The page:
When Typhoid Mary died in 1938, in medical exile on a tiny New York island, she took untold numbers of Salmonella typhi to her grave. No one knew how the bacteria managed to thrive and not kill her. A team of microbiologists from Stanford University and the University of California, San Francisco, has found a tantalizing clue: a bacterium strain similar to the one responsible for “healthy” carriers such as Typhoid Mary shows an ability to hack the metabolism of the cells sent out to defend from infection and heal trauma.
“Salmonella is adapted to infect mammalian hosts; in fact, salmonella typhi only infects humans,” said Stanford microbiologist Denise Monack, lead author of the study published online Wednesday in the journal Cell Host and Microbe. “So it’s very interesting for me to try to understand why that is.”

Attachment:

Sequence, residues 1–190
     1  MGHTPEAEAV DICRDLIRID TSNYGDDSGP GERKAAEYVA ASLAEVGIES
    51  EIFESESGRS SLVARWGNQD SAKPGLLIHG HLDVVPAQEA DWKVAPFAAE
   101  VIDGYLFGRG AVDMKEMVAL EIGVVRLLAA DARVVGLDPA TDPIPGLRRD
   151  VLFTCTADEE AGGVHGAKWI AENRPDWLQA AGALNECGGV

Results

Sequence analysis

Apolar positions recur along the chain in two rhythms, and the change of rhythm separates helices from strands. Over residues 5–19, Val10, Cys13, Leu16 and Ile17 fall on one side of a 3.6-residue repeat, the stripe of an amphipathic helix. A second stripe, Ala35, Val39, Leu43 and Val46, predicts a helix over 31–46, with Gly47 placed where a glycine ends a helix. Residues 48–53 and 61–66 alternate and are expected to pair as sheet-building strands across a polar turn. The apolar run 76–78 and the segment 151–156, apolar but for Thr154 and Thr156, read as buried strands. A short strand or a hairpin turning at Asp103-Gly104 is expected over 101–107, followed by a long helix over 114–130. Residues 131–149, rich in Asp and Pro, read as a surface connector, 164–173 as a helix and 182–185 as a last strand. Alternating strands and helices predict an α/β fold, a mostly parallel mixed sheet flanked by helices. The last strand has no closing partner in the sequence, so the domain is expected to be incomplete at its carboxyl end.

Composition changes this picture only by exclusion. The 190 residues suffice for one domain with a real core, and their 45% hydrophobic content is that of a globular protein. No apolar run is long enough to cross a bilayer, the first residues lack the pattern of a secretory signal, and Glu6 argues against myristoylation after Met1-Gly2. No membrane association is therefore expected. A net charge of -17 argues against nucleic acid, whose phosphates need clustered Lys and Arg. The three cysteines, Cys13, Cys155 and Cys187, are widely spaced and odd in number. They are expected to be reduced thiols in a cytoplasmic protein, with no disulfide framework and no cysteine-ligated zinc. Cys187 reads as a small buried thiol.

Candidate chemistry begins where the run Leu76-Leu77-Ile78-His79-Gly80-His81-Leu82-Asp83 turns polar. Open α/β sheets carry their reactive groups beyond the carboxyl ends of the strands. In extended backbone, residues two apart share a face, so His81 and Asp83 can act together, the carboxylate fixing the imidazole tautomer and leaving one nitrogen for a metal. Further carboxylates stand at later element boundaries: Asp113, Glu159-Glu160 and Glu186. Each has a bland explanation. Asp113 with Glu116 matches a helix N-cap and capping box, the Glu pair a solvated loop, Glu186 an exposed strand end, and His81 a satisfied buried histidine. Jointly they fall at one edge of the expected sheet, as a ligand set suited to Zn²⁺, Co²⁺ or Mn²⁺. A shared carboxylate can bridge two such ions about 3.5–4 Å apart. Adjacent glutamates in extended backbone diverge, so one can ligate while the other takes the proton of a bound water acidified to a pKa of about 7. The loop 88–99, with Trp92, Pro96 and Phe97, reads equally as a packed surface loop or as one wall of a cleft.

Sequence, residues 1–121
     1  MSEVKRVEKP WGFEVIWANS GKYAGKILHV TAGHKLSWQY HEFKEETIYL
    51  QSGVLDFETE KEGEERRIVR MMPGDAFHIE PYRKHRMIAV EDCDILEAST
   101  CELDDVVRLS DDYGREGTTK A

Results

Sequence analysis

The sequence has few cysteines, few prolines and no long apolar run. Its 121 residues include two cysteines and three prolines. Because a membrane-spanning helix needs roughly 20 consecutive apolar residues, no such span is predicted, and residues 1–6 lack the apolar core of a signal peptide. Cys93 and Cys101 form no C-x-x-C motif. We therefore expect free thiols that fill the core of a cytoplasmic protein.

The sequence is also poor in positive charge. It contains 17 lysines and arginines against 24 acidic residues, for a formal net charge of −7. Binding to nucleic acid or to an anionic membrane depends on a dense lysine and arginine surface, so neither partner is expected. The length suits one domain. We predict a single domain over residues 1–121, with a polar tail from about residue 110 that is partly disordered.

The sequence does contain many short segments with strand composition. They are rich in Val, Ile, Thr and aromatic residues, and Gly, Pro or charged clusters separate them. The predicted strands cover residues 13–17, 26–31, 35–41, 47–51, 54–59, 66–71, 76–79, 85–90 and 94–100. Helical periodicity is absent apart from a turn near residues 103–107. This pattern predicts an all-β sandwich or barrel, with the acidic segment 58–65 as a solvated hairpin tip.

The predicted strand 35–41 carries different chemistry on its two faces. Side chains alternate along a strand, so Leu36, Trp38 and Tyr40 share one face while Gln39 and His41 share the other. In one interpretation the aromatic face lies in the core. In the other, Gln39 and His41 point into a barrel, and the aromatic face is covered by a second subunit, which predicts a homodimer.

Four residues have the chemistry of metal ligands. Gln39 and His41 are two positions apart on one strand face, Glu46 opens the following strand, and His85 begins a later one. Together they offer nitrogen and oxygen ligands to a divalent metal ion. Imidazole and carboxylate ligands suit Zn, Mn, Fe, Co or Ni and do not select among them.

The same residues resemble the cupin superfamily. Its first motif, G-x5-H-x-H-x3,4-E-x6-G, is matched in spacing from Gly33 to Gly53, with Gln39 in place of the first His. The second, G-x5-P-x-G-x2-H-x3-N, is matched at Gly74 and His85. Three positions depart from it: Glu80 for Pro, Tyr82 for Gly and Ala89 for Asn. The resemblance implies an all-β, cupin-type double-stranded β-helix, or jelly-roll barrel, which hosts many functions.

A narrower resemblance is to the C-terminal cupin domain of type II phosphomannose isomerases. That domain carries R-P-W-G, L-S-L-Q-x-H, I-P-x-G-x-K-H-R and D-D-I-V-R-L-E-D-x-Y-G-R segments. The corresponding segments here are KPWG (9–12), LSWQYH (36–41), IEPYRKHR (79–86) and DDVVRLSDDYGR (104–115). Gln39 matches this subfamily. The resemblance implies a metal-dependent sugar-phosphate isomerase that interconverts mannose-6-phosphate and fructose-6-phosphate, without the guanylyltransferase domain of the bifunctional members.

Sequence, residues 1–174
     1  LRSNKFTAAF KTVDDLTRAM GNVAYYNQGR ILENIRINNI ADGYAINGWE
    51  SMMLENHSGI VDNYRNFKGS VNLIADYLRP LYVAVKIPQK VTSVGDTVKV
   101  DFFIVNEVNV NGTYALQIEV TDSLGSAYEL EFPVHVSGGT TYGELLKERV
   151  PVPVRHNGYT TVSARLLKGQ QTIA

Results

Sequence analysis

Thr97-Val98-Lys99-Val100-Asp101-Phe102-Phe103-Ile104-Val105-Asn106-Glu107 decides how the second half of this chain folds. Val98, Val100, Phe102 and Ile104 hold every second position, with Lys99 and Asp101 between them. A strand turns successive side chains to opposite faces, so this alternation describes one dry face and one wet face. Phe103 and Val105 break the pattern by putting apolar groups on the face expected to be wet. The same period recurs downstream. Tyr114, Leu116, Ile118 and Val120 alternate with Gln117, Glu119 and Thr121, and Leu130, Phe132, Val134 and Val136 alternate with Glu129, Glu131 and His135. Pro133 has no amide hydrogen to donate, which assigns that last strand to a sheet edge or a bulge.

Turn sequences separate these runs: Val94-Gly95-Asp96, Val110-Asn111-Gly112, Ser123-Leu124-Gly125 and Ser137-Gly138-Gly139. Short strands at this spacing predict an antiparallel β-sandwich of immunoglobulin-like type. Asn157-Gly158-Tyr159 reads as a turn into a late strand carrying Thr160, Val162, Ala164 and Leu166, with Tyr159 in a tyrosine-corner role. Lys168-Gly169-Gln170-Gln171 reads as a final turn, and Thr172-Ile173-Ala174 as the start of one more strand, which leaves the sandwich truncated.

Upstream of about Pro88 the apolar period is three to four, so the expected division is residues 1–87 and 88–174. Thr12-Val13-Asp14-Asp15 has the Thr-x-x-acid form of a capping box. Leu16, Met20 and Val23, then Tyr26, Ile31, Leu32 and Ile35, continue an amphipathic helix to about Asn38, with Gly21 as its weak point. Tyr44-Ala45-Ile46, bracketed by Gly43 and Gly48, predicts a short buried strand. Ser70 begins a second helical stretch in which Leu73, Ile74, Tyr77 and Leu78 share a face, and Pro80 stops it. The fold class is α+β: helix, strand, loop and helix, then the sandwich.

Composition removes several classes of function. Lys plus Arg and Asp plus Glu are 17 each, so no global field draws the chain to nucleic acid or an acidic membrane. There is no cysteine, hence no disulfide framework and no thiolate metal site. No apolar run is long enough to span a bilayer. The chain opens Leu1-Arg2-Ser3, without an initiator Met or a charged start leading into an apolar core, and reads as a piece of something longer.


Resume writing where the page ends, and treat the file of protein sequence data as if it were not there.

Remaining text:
The trickery, revealed in experiments with mice, involves a receptor protein that affects how macrophages – the body’s Pac-Man gobblers of foreign pathogens – get the energy required to survive. The team found that the bacteria tend to hang out with a mellower macrophage associated with the later stages of infection. Enough of the bacteria survive the more aggressive wave of attackers during the inflammatory phase of the immune response to settle in with the more placid anti-inflammatory cells, according to the study. Once inside, the bacteria essentially hack the genetic programming that sets off production of glucose for the host cell, and its own survival.
Mice infected with the salmonella strain typhimurium, known to cause symptoms of typhoid fever in rodents, showed increased activity of a protein known as peroxisome proliferator-activated receptors, or PPAR-gamma, the study found. The protein “controls the metabolic pathways in the macrophage and it allows the macrophage to bring in fatty acids to utilize them as a carbon source, for energy,” Monack said. Via Typhoid Mary case may be cracked, a century later.